I'm a young person and I want to talk
If you are a parent and worried about your child
The most important role models a young person has are their parents and that is both an amazing privilege and a daunting responsibility. Knowing that our children are inspired by what we do, and what we fail to do, can encourage us to ensure our behaviours are always consistent with our values and are behaviours we would want our children to follow. That means modelling how to manage emotions appropriately and how to ask for help when needed.
It’s important to know that all young people experience stress in their lives and they all have times when they feel low, frustrated or stressed out. Parents can help their children through these difficult times by letting them share their feelings without making judgements or being too quick to jump in and fix it for them. Talking about how you manage difficult feelings and stress yourself and helping them think about what strategies might work for them, helps them understand their feelings and develop their own coping techniques while feeling supported and loved. It’s especially important to help young people develop healthy ways of expressing anger to ensure their feelings don’t damage themselves or others.
Helping your children to manage the stresses of life can be particularly difficult when you’re going through a difficult time yourself. Many young people won’t want to burden a parent who they may feel has enough problems of their own, so it’s important they know that you’re there for them and want to help. They also need to see that although you’re struggling, you are coping and your love for them doesn’t change. By doing this you’re setting an excellent example and showing them that loving and supporting each other is the most important thing.
How to support your child
• Keep in touch with their day to day lives, asking how school is going, what they’re up to with friends and also what they’re liking and not-liking in their life right now. It’s much easier for young people to share difficulties if you’re already part of their every day life.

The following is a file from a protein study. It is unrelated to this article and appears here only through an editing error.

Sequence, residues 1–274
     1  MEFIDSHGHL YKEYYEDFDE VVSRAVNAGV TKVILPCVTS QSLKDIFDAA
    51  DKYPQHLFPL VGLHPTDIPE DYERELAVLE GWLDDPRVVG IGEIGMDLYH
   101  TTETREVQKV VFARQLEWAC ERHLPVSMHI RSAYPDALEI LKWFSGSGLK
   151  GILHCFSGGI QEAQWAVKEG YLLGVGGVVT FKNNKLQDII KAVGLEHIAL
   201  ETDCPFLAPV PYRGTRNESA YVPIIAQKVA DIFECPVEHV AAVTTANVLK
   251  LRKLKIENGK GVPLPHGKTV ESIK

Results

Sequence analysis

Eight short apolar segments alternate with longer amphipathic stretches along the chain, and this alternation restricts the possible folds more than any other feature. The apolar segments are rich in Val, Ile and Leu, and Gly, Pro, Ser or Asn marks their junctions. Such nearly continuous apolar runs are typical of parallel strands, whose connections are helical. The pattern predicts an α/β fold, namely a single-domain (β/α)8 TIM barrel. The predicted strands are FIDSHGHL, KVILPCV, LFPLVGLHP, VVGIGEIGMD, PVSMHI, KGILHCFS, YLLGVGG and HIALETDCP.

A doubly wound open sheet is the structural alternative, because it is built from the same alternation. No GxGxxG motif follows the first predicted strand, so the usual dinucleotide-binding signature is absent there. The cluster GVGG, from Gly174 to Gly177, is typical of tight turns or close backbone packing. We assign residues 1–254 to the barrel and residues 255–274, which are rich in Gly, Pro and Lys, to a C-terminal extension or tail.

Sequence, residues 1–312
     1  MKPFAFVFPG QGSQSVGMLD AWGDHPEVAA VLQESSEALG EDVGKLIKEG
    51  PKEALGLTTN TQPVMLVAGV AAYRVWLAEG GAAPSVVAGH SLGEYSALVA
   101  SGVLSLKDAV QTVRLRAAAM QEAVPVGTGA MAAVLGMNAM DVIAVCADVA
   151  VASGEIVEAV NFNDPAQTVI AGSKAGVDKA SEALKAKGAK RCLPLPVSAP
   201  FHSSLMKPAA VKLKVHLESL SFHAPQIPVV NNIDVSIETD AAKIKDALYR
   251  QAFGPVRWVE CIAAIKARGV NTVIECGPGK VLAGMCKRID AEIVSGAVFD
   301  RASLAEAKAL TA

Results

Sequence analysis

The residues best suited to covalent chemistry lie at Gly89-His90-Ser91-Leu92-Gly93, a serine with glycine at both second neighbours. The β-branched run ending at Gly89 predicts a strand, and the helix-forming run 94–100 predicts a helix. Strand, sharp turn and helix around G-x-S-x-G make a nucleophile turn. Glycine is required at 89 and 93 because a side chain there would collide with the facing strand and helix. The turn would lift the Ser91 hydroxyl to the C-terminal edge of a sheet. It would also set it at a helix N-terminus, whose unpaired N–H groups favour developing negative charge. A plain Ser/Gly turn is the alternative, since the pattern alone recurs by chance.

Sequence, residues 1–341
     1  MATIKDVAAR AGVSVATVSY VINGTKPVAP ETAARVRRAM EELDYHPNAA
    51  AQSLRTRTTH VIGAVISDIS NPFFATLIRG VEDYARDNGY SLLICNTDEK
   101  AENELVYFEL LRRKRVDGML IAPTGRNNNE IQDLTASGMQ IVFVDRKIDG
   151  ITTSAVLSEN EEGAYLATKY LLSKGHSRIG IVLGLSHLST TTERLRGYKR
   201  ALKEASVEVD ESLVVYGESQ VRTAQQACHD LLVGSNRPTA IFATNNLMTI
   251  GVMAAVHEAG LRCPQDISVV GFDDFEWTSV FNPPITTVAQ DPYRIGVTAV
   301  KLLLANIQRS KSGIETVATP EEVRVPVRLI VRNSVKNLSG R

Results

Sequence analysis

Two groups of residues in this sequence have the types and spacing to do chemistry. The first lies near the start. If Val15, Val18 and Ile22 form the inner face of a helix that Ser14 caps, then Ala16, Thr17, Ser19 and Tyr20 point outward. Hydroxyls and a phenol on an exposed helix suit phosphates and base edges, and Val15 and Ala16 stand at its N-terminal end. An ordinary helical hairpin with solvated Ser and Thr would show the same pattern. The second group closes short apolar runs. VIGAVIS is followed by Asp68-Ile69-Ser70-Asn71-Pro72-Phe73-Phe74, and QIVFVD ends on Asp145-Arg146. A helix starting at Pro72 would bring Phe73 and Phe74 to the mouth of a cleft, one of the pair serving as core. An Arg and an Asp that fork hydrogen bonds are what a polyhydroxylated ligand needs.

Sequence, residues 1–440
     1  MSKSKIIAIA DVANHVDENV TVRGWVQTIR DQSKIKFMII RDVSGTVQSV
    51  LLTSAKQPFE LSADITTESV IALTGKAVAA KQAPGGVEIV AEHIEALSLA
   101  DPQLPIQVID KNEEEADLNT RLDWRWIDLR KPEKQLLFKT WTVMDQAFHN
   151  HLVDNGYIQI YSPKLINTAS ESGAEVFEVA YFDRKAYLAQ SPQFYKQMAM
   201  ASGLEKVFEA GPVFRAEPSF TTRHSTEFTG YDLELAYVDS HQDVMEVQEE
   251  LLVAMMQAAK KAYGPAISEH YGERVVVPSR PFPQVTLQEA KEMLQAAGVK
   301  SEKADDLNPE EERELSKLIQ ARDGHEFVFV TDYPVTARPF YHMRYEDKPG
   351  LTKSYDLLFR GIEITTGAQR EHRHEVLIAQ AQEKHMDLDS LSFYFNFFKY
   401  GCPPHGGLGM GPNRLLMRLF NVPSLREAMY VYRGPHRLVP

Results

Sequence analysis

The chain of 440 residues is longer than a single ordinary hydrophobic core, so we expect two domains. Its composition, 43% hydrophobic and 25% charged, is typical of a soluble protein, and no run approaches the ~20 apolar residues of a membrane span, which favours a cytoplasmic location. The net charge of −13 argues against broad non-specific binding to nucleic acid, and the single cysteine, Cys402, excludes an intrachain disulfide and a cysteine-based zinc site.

• Make opportunities to have a deeper heart to heart if they need to - such as time alone together going for a walk, getting a coffee or when you’re giving them a lift.
• Encourage your child to talk about how they feel and if necessary, help them to find the words to describe their feeling and what’s caused the problem.
• If you’re worried about your child then explain to them why. For example, if you notice they’re not acting as they usually do such as spending more time than usual alone or being out all the time, ask if there’s a problem. Or if they’ve become moody and withdrawn for more than just a few days or if there’s a change in their eating or sleeping patterns, explain to them that these are often signs that there’s something that needs to be dealt with.
• Don’t push your child to talk, but make sure they know that you’re available. And if they say they don’t want to talk to you, encourage them to find someone else they’d be more comfortable with such as a family friend, someone at school or a counsellor.
• If problems are persisting with your child and your efforts to communicate aren’t working, you can get more help from www.youngminds.org.uk